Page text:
Legal fees. They're the scary variable in launching and growing your business. What founder wants to pay, or realistically can afford to pay, a lawyer to broker, say, a straightforward lease or pull together a solid non-compete for new hires to sign?
That's the thinking that created real estate transactional attorney Daniel Brozost's Blackacre Law Group, a firm that creates contracts for a defined group of transactions for a set fee, rather than committing clients to an indefinite number of billed hours.
For many small businesses, legal fees can eat up needed capital in the first year, and most entrepreneurs (and the rest of us) are used to being billed hourly, or even in ten minute increments, for legal help.
But, that might be changing--and that could be a boon for restaurants, retailers and brick-and-mortar stores who need more than patrons to thrive today. Above all, they need clearer figures for siting costs costs in their 10-, 20-, or 30-year business plans.
Brozost has been practicing law since 2002. The idea to ditch the standard, and notorious, lawyer's practice of nebulous hourly billing came five years ago while still a partner with finance-, media- and real estate-focused Raines Feldman LLP. He pitched a batch of leasing work for 30 locations to Zoë's Kitchen for one simple price. Brozost is also transitioning non-leasing real estate clients such as Matthews Real Estate Investment Services to fixed fee billing as well.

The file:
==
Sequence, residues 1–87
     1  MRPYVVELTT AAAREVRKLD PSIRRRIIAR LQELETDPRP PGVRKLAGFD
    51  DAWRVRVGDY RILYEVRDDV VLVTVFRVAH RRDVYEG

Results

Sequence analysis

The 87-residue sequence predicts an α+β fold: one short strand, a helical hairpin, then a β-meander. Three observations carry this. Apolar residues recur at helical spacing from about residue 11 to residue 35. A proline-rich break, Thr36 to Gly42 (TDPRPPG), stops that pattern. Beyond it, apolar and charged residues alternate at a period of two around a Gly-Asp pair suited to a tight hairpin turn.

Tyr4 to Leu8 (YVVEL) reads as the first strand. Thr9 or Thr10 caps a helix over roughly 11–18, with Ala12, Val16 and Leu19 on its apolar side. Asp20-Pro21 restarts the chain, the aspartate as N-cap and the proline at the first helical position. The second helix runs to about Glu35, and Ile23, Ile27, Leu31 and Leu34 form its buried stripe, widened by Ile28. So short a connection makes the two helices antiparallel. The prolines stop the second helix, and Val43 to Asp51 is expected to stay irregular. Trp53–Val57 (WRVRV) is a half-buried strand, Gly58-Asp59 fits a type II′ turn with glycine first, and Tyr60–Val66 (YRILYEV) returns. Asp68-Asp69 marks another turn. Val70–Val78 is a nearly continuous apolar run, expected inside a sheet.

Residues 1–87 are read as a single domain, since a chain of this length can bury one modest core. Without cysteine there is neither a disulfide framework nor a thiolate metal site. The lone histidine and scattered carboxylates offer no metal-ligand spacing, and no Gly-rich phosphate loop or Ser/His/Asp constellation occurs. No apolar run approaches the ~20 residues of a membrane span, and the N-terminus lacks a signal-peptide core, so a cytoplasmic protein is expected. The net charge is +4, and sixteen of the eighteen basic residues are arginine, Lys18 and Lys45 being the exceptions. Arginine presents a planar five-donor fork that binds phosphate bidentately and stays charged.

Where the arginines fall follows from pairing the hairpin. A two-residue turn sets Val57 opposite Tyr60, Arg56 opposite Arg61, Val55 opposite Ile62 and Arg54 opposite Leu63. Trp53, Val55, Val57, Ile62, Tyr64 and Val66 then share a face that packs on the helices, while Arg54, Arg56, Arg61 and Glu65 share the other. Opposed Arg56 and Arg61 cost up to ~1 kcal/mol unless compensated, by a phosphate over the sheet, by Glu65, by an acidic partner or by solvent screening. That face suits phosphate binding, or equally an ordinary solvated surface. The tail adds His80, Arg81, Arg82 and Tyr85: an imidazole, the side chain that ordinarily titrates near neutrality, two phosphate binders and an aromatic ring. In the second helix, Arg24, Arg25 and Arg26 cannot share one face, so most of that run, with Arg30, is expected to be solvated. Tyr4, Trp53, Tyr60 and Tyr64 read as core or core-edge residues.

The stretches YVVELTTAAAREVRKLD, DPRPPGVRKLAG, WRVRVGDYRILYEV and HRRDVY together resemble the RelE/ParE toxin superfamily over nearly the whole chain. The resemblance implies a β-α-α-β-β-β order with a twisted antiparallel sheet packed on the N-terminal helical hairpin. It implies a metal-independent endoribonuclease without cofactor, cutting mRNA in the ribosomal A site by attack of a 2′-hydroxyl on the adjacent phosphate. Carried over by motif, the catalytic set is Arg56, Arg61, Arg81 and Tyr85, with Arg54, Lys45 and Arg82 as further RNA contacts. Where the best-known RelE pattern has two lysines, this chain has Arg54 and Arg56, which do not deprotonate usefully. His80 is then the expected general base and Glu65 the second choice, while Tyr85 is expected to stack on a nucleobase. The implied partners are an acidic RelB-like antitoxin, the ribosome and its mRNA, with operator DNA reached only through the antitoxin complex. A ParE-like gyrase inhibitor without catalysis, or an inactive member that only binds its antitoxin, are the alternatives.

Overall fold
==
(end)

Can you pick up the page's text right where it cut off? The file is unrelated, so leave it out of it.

Brozost said, "For real estate transactions in particular, it makes perfect sense. Almost all of my clients have a business model, including pro forma financial projections. At the end of the day, they want a number to plug into their models for their legal fees. Uncertainty is their enemy."
Guitar Center, with nearly 300 locations across the country, and Mediterranean quick service restaurant chain Zoë's Kitchen, with over 200 locations in 17 states, followed Brozost to his new firm, launched last month.
While this shift in how companies are billed for legal fees has started as a niche practice for the retail sector, Brozost believes it could eventually move into more of the legal industry. "I don't see any difference between this model, and a situation where a person hires a [building] contractor or takes a car into a mechanic. If the contractor or mechanic said, 'I know what needs to be done and about how long it will take, but I'll charge you hourly', you'd say 'You're crazy. Give me a price for the work.' If the project scope can be defined, then the fee can also be defined," Brozost said.